A U.S. Marine Corps CH-53E Super Stallion hovers over a landing zone with a cement block during an external lift drill with Marines from Combat Logistics Battalion 31 at Kin Blue Training Area, Camp Hansen, Okinawa, Japan, Oct. 19, 2017. CLB-31, the Logistics Combat Element of the 31st Marine Expeditionary Unit, provides logistic support to all elements of the MEU.
CLB-31 External Lift Training
A U.S. Marine Corps CH-53E Super Stallion hovers over a landing zone with a cement block during an external lift drill with Marines from Combat Logistics Battalion 31 at Kin Blue Training Area, Camp Hansen, Okinawa, Japan, Oct. 19, 2017. CLB-31, the Logistics Combat Element of the 31st Marine Expeditionary Unit, provides logistic support to all elements of the MEU. As the Marine Corps’ only continuously forward-deployed unit, the 31st MEU air-ground-logistics team provides a flexible force, ready to perform a wide range of military operations, from limited combat to humanitarian assistance operations, throughout the Indo-Asia-Pacific region. (U.S. Marine Corps photo by Cpl. Garett Burns)
During AIT, Marines with Combat Logistics Battalion 31, the Logistics Combat Element for the 31st Marine Expeditionary Unit, and Marines with Battalion Landing Team, 3rd Battalion, 5th Marines, the Ground Combat Element for the 31st MEU, refined their abilities to provide security and life-sustaining support for possible HADR operations.
31st MEU Marines conduct HA/DR training for AIT
Marines with Combat Logistics Battalion 31 and Battalion Landing Team, 3rd Battalion, 5th Marines, land at Freshwater Beach, Shoalwater Bay Training Area, Queensland, Australia, during a humanitarian assistance-disaster relief mission as part of Amphibious Integration Training, August 8, 2017. During AIT, Marines with CLB-31, the Logistics Combat Element for the 31st Marine Expeditionary Unit, and Marines with BLT 3/5, the Ground Combat Element for the 31st MEU, refined their abilities to provide security and life-sustaining support for possible HADR operations. The 31st MEU and PHIBRON 11 are conducting AIT in preparation for Certification Exercise, and to ensure readiness for crisis response throughout the Indo-Asia-Pacific region. The 31st MEU partners with the Navy's Amphibious Squadron 11 to form the Bonhomme Richard Expeditionary Strike Group. (U.S. Marine Corps photo by Cpl. Amaia Unanue/Released)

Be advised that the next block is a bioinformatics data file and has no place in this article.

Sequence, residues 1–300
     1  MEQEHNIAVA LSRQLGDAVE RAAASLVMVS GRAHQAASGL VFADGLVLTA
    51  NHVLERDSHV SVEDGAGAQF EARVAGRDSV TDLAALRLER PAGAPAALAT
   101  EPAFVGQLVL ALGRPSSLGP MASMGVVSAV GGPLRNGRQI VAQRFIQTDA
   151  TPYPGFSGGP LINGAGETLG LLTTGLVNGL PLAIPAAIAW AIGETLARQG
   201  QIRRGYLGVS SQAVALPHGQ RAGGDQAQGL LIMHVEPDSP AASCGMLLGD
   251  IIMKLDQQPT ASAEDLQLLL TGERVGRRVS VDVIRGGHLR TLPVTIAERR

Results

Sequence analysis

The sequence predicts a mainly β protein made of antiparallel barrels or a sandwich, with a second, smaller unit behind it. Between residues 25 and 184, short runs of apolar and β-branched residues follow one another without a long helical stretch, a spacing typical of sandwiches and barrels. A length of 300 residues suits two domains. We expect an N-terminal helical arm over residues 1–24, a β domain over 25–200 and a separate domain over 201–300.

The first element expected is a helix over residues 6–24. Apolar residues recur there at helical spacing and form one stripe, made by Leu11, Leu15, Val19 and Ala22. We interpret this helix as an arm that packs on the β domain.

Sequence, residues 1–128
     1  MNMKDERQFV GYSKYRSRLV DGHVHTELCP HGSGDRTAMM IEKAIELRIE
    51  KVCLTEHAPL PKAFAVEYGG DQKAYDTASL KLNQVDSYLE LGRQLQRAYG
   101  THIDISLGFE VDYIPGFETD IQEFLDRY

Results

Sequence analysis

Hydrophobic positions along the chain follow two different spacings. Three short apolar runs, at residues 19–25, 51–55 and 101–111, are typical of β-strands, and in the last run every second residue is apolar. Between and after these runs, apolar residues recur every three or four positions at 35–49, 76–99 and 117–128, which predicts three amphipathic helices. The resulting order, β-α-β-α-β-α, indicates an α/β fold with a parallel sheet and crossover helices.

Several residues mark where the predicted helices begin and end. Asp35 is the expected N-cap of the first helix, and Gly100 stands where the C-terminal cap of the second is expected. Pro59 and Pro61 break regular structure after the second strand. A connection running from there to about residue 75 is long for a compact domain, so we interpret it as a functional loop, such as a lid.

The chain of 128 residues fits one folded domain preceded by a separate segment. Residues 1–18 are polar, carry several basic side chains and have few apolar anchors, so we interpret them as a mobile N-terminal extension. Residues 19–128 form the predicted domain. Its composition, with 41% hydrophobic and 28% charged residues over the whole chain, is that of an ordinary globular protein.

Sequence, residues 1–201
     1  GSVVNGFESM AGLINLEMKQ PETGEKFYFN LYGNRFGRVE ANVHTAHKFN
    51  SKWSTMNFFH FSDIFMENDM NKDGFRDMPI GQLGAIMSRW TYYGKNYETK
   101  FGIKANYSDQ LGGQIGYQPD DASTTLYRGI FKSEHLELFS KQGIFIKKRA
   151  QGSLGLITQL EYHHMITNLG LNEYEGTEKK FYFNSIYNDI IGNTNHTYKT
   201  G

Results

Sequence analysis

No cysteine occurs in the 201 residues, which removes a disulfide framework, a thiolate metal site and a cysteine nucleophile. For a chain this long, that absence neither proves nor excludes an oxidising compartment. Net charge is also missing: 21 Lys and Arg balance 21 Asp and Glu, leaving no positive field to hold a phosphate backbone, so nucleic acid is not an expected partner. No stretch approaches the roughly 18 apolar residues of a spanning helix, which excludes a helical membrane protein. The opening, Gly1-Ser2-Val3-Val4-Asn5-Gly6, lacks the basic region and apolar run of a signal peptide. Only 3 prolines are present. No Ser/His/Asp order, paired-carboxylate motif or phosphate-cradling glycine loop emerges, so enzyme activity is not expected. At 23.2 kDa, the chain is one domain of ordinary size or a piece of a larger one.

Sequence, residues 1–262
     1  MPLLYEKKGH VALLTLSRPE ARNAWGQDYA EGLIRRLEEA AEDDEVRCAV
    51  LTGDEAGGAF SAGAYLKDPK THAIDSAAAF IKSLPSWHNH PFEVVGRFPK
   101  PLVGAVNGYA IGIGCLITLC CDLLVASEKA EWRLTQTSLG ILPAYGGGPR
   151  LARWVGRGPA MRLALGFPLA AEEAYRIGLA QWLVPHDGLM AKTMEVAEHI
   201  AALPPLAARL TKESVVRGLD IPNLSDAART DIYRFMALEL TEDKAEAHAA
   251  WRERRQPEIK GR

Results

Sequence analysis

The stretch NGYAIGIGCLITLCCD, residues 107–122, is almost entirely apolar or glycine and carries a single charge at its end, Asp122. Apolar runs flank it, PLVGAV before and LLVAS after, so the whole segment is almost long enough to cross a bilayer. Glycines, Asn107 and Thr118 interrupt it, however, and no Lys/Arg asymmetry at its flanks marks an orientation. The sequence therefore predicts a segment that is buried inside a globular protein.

During AIT, Marines with Combat Logistics Battalion 31, the Logistics Combat Element for the 31st Marine Expeditionary Unit, and Marines with Battalion Landing Team, 3rd Battalion, 5th Marines, the Ground Combat Element for the 31st MEU, refined their abilities to provide security and life-sustaining support for possible HADR operations.
31st MEU Marines conduct HA/DR training for AIT